Houseplants need watered at least once a week. Watering on a schedule seems like a good idea – water the plants every weekend, and you’ll never forget and accidentally kill one! Unfortunately if you water all of your plants on schedule, you’re probably putting them at risk of death by over-watering. Each plant will have individual needs and the best thing to do is assess each one as an individual — pot size, pot material, placement, and potting mix are just some of the factors that need to be taken into account. If you’re not sure, you can purchase a moisture meter to help you out!
You need to let your water sit overnight to let the chlorine dissipate. This one depends on what type of disinfectant is used in your local water. The two most common disinfecting agents are chlorine and chloramine – you should be able to find out which your municipality uses by viewing a water quality report on the local government web site. While chlorine may evaporate (especially with the addition of some air, like a bubbler) chloramine won’t, meaning your sitting water evaporates and leaves you with a more concentrated level of chloramine.
You need to repot a plant as soon as you get it. Not necessarily. It’s best to give a new plant a few weeks to recover (especially if it’s been shipped) and acclimate to its new environment. After that, if the plant is pot bound, roots are growing through the drainage holes of the pot, or it doesn’t seem to be growing as it should, it’s time to examine the roots and either prune or re-pot.
There are plants that can live in an enclosed space without windows or grow lights. Yes, and they’re called fake plants! All plants need light to photosynthesize, so a room with no natural light or supplemental grow lights isn’t a good place for your plants. One way around this problem is to have several hardy plants that can tolerate low light levels for a little while, and swap them out weekly so that they all get their time in the sun when not decorating your low-light or no-light space.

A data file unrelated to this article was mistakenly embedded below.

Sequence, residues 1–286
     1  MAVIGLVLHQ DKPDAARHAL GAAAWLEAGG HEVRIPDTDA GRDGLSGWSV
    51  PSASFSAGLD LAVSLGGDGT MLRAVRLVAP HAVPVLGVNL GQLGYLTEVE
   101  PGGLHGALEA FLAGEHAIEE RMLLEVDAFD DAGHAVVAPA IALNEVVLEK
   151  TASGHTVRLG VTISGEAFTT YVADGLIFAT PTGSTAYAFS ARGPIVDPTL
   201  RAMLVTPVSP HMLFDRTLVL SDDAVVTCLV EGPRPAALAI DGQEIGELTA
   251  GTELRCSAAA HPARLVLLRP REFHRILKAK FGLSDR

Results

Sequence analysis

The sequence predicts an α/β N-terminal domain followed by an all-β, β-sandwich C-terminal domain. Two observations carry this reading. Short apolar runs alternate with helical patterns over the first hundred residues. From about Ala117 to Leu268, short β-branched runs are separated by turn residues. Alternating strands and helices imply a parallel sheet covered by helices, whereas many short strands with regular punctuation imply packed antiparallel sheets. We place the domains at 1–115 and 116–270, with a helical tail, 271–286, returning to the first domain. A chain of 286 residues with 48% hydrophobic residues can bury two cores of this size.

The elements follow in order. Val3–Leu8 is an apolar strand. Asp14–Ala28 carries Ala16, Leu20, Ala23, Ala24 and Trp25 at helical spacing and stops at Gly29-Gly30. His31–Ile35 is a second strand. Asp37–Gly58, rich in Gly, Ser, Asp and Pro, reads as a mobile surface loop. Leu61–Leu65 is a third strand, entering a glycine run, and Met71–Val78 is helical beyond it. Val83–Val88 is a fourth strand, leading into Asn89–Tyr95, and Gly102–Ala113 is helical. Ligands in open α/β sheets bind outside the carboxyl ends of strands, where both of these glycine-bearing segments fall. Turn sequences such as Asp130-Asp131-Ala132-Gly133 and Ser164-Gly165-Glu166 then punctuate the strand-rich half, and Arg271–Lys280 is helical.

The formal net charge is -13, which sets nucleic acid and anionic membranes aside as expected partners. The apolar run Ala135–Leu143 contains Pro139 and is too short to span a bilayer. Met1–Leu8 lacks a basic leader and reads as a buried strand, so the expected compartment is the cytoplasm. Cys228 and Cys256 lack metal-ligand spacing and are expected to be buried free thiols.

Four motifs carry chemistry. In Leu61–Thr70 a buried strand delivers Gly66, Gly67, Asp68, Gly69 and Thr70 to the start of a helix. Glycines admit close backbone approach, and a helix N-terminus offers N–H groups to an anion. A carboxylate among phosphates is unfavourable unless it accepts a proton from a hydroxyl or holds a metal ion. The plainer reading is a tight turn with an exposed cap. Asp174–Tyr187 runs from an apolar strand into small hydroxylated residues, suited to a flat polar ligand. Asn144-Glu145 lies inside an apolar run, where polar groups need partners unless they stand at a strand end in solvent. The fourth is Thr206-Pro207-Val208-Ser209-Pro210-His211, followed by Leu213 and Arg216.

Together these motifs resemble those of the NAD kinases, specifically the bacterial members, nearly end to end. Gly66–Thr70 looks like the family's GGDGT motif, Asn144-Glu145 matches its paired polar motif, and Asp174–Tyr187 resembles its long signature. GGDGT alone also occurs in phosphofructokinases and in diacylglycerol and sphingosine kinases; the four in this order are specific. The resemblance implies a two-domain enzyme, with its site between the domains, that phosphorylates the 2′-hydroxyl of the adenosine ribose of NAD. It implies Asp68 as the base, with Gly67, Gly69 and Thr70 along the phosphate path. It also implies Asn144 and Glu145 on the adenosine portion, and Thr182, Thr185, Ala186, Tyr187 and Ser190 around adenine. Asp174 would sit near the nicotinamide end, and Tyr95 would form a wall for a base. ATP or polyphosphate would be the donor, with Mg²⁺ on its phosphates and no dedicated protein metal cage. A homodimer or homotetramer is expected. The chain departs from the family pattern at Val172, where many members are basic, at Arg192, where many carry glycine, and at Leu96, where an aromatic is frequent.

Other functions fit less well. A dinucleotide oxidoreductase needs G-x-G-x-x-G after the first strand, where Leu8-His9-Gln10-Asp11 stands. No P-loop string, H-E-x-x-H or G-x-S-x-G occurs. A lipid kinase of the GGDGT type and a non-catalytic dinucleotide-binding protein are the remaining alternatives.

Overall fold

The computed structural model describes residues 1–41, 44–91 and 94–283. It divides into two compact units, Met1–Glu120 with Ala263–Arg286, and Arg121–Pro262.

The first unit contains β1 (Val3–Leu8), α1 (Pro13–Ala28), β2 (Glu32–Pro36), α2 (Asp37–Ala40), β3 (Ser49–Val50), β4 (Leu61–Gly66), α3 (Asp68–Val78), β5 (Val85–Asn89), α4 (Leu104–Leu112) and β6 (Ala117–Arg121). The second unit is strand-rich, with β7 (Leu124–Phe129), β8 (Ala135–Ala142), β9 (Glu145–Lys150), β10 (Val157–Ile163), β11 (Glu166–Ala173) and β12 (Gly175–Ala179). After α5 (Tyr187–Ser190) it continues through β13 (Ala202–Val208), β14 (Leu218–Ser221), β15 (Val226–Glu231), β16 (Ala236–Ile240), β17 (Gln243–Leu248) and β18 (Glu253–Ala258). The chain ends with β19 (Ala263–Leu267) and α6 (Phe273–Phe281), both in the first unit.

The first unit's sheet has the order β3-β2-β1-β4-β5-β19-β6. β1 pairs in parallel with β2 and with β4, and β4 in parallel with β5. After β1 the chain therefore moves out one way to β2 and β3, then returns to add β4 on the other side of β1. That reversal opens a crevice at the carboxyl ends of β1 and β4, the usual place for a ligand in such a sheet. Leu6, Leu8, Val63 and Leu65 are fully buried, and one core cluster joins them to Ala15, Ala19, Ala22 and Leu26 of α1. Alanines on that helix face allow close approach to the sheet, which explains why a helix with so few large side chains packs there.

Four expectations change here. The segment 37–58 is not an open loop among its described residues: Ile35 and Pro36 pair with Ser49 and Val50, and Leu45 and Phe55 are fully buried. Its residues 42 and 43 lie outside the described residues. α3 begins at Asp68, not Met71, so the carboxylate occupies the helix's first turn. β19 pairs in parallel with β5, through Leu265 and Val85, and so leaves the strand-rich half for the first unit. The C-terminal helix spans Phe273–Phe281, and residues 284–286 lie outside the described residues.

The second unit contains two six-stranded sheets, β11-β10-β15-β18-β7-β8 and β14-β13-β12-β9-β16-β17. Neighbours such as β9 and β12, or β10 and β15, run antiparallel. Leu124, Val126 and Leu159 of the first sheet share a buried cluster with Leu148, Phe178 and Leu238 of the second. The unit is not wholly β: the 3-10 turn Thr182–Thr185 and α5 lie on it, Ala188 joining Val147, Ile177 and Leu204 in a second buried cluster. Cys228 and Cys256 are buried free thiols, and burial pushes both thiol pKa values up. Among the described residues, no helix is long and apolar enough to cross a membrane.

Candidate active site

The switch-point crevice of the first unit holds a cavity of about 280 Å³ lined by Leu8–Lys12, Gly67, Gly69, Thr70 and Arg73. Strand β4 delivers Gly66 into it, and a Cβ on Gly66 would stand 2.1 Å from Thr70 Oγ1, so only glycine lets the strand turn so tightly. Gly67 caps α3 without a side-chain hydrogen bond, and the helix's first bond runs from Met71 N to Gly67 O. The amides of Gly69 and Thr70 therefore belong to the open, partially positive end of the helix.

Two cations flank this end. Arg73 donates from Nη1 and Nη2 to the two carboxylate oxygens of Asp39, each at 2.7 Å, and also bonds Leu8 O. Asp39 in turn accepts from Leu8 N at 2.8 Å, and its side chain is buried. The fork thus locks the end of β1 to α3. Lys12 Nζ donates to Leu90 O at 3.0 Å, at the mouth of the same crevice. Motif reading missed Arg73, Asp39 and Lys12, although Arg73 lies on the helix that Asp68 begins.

Succulents only need a tiny sip at a time. Nope! Just like other plants, succulents need and appreciate a thorough soaking when their soil has fully dried out. If you were sitting out in the sun all day you’d appreciate someone bringing you a nice full glass of water and not a teaspoonful, right? Water your succulents until the excess runs out of the drainage hole in the pot. How often you water them will depend on the type and size of pot, the time of year, how much light they’re getting, etc.
Hopefully these have answered some of your burning questions, and if not, well, hopefully they at least amused you. Remember to look out for our next installment where we go over the plant myths that are actually fact. Also, if you have any other questions, feel free to head on over to our Facebook group, House Plant Hobbyist. There are always members who will be more than willing to help you out!